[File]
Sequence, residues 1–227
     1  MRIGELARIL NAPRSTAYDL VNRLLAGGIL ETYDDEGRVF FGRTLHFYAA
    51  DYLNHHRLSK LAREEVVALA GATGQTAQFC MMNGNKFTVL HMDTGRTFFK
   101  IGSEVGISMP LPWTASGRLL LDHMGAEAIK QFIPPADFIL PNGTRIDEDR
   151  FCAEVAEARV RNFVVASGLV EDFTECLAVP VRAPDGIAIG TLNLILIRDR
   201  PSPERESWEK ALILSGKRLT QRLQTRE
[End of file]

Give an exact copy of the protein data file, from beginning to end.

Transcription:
Sequence, residues 1–227
     1  MRIGELARIL NAPRSTAYDL VNRLLAGGIL ETYDDEGRVF FGRTLHFYAA
    51  DYLNHHRLSK LAREEVVALA GATGQTAQFC MMNGNKFTVL HMDTGRTFFK
   101  IGSEVGISMP LPWTASGRLL LDHMGAEAIK QFIPPADFIL PNGTRIDEDR
   151  FCAEVAEARV RNFVVASGLV EDFTECLAVP VRAPDGIAIG TLNLILIRDR
   201  PSPERESWEK ALILSGKRLT QRLQTRE